Thursday, October 14, 2010

Relatively Speaking

Recently in the news, there was an entertaining article about how two rival politicians are related to each other. While entertaining, given their backgrounds, it's not uncommon for people to be related several generations back. Afterall, most of our ancestors followed the same paths across the United States (manifest destiny and all that jazz), or they immigrated from the same countries during the periods of mass immigration from different countries. It's not unlikely that many of us are indeed 10th cousins. The interesting question actually is "how are we related?"

I began researching my own genealogy in 1998 in an effort to determine if family legend was correct: that I was a direct descendent of President John Adams through my paternal great-great-grandmother Lula May Adams. Lula and her twin sister Lois were orphaned and raised by their aunt and uncle, but Lula herself had told my grandmother than she was told she was a descendant of Presidents John Adams and John Quincy Adams.

Unfortunately the family legend turned out to be untrue. Our Adams line does not lead directly to the Adams presidents. We might be distant cousins, but we are not descended from those individuals.

However, my research did turn up a surprising revelation. We are indeed closely related to one of the early presidents:

The first President of the United States: George Washington.

I'm not a descendant of his, though. No one is. George Washington had no known children of his own. His wife was previously married and had children of her own that she brought into the marriage, but no one can claim to be a descendant of George Washington (unless they can provide evidence of an illegitimate child). Sidenote: same goes with Shakespeare. While he did have children, his direct line died out only a couple of generations after he did.

I am descended from Ann Washington Wright, who was George Washington's great-aunt (his grandpa's sister). She is buried at the George Washington Birthplace Monument along with quite a few other family members.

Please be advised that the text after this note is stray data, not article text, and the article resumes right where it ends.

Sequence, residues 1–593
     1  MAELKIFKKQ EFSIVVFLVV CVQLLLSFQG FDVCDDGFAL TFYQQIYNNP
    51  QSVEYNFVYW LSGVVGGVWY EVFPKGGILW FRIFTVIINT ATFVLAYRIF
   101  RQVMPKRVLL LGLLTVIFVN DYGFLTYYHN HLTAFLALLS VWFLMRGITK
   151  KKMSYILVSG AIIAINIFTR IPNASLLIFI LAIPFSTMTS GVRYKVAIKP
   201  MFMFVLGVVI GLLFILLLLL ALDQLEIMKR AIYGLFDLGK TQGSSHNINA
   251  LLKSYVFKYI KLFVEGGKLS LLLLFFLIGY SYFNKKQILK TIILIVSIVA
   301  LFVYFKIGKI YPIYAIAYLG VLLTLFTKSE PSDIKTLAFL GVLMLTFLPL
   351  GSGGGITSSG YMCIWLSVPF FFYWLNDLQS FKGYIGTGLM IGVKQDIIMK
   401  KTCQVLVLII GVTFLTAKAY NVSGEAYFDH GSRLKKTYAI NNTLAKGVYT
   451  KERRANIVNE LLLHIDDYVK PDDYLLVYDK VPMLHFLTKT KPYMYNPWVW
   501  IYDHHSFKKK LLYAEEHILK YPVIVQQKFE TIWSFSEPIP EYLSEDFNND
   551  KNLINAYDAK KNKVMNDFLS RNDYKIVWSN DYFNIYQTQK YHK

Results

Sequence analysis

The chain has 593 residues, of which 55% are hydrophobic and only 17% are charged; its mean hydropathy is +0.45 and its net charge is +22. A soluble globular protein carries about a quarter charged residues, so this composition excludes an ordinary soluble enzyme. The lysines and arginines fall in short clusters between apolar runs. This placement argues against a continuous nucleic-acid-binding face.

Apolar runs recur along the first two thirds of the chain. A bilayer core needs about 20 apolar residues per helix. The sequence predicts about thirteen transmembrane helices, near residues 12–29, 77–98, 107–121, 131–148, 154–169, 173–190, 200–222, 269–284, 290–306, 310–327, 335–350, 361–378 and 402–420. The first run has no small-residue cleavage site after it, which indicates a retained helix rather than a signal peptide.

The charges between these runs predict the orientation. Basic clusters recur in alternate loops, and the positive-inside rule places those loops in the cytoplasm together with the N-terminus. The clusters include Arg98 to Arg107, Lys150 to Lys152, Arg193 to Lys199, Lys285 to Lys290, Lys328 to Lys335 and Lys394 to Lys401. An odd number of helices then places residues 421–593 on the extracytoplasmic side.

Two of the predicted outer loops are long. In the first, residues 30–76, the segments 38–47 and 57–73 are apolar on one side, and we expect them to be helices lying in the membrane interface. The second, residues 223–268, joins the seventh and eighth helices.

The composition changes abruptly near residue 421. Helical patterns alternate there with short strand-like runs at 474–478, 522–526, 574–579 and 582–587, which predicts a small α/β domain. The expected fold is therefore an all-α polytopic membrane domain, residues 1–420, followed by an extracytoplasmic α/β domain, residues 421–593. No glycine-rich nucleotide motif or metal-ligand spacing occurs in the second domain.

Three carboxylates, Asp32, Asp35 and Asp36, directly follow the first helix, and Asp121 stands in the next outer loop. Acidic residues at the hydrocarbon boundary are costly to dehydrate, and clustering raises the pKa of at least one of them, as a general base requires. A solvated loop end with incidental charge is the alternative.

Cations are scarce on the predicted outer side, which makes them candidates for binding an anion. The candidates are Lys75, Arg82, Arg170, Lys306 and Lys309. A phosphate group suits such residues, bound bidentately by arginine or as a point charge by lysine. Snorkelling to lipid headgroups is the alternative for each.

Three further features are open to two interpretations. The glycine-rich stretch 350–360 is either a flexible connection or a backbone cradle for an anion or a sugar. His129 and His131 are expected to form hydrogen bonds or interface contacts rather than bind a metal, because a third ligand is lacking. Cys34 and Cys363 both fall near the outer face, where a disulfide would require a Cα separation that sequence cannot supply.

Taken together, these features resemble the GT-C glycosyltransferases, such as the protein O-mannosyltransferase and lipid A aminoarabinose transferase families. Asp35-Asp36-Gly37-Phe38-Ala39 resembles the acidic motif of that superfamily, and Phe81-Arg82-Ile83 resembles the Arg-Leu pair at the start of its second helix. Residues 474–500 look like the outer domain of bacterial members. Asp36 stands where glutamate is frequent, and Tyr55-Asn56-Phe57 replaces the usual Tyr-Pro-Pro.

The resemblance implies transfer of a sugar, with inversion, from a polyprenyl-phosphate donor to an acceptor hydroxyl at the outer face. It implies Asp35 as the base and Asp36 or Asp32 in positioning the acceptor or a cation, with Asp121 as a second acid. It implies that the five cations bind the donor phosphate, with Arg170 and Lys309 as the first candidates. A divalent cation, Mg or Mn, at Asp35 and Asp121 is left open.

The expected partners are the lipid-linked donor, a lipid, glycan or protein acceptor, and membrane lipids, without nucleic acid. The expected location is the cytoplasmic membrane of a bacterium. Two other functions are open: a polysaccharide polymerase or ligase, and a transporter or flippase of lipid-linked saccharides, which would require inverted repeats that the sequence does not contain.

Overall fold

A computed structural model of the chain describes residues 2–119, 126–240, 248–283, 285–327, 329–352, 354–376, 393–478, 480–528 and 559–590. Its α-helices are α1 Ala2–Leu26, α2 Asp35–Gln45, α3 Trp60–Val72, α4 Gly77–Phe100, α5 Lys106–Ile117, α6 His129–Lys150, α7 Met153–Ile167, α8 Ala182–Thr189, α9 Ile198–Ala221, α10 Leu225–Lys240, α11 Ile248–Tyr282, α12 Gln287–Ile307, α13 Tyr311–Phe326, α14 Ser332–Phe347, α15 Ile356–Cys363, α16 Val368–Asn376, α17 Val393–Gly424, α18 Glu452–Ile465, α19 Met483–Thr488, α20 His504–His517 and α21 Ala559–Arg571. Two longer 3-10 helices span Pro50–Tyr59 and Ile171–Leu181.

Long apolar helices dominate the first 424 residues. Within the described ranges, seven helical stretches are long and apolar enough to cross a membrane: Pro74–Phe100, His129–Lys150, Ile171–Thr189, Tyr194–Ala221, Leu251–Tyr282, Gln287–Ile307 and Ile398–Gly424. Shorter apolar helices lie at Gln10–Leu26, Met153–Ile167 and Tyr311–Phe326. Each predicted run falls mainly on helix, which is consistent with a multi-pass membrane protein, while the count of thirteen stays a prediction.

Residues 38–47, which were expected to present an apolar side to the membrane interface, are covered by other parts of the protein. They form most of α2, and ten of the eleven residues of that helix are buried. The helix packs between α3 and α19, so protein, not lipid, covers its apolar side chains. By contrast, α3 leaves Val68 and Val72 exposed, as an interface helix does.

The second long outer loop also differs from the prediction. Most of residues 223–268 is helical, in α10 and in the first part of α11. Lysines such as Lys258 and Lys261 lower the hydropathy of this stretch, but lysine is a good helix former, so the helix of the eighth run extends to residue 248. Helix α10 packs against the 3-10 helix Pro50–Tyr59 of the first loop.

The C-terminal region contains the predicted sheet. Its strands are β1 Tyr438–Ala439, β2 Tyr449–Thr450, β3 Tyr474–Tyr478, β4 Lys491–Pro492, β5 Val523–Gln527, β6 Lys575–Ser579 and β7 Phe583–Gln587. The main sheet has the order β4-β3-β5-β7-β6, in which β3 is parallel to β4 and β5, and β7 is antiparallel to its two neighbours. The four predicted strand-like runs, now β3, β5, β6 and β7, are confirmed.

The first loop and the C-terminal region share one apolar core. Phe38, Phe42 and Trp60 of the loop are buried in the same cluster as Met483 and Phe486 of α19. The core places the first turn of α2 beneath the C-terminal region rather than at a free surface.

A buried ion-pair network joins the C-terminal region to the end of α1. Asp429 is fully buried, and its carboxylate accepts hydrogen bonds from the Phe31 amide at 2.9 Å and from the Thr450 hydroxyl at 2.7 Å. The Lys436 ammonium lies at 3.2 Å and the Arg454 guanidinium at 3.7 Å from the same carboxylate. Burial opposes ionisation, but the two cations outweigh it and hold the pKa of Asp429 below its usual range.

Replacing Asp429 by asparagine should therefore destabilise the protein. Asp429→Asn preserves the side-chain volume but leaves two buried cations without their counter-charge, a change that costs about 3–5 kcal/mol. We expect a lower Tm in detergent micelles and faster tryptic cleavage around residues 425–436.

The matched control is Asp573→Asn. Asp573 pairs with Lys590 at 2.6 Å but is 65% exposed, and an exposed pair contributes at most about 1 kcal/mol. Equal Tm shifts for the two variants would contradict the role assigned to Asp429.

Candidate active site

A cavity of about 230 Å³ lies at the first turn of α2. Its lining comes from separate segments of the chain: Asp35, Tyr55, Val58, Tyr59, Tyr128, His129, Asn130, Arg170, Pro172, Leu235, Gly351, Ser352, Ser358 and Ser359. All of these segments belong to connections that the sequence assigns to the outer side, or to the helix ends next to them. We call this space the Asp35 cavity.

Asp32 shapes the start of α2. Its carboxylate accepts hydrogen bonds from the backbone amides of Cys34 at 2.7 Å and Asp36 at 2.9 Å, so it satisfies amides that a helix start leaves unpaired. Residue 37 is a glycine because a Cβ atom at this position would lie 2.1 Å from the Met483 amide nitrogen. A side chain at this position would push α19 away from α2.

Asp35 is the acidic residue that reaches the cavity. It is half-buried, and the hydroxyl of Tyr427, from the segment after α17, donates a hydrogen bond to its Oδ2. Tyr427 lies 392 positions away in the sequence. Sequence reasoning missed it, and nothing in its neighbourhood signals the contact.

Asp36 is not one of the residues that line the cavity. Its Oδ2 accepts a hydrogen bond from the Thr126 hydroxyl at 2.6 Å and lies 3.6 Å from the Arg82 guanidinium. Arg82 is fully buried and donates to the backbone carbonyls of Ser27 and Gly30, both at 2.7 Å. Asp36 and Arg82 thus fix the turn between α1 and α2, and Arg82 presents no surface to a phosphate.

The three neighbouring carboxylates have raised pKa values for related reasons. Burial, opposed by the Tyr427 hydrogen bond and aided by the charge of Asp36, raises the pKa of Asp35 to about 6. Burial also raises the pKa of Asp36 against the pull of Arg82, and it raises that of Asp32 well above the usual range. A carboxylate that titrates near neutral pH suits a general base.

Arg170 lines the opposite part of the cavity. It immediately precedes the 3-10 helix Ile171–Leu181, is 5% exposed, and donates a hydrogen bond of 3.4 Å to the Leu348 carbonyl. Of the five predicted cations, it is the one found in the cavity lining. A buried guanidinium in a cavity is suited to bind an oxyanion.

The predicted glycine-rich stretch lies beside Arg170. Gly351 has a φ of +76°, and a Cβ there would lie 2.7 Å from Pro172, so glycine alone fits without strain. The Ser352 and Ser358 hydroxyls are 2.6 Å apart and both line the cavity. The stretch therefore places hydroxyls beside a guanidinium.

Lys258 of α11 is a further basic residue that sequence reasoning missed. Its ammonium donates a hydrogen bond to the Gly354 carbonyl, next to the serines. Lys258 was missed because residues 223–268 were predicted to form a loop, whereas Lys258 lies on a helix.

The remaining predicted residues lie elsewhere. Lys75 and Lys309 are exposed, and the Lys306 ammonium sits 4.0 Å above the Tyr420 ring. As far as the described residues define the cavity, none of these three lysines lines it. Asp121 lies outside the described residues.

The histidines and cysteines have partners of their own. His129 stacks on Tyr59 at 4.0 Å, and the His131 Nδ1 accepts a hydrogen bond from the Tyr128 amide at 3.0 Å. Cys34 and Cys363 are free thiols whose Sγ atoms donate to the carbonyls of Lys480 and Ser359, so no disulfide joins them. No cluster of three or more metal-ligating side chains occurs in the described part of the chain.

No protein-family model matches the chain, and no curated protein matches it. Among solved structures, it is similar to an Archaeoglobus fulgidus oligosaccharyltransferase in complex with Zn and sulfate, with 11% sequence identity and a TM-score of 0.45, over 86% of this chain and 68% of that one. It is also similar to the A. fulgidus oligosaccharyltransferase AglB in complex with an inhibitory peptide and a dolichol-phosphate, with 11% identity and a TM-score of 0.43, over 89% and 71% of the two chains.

When you find a famous ancestor the work becomes much easier because the research has already likely been done, and the documentation is readily available. It's not always that easy, though. I still cannot find the parents of my 4th great grandfather John McCandless. We've even been to Antrim, Ohio where he lived and died. The line just stops right there. The further you go back, the less likely that documentation exists. Marriage records weren't kept on file before the early 1800's. The beginnings of birth and death records were often recorded even much later than that. Land records provide proof of existence, but little in the way of giving us leads as to where they came from originally. Eventually you're looking for a needle in a haystack.

Or you can just give up and announce that he was beamed in from outer space. I'm almost to that point, since it would explain a lot.... Almost....

But anyway, folks, it's easy to research your own genealogy if you're wondering who the heck you're related to. It's a fun winter activity as well, since so many of us are stuck indoors. The best way to start is with yourself! What do you know--write down your parents, grandparents, aunts, uncles, etc. Then start talking to those people who are still alive--ask them what they know. It will probably surprise you! Then, you can build on that: your local library will have census records, old newspaper on microfilm, obituaries, cemetery records, etc. The internet is also a handy tool. Rootsweb is one of my favorite sites and Cyndi's List contains many, many useful websites for research.

Just remember, family trees are full of nuts--that's what makes them so interesting!!

Happy Hunting,

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1 comment:

CCC said...

I love family history. There is something comforting in knowing that I come from a long line of peasants : )